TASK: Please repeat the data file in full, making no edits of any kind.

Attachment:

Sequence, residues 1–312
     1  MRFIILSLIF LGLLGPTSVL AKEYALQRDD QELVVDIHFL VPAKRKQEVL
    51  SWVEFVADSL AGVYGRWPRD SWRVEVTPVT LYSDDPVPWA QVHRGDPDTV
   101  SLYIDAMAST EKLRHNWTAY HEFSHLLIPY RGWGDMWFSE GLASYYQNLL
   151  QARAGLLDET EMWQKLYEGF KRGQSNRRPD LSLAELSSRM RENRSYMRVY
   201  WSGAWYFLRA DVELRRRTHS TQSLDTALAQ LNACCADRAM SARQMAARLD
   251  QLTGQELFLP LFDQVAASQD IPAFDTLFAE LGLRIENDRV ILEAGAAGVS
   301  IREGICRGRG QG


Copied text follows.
Sequence, residues 1–312
     1  MRFIILSLIF LGLLGPTSVL AKEYALQRDD QELVVDIHFL VPAKRKQEVL
    51  SWVEFVADSL AGVYGRWPRD SWRVEVTPVT LYSDDPVPWA QVHRGDPDTV
   101  SLYIDAMAST EKLRHNWTAY HEFSHLLIPY RGWGDMWFSE GLASYYQNLL
   151  QARAGLLDET EMWQKLYEGF KRGQSNRRPD LSLAELSSRM RENRSYMRVY
   201  WSGAWYFLRA DVELRRRTHS TQSLDTALAQ LNACCADRAM SARQMAARLD
   251  QLTGQELFLP LFDQVAASQD IPAFDTLFAE LGLRIENDRV ILEAGAAGVS
   301  IREGICRGRG QG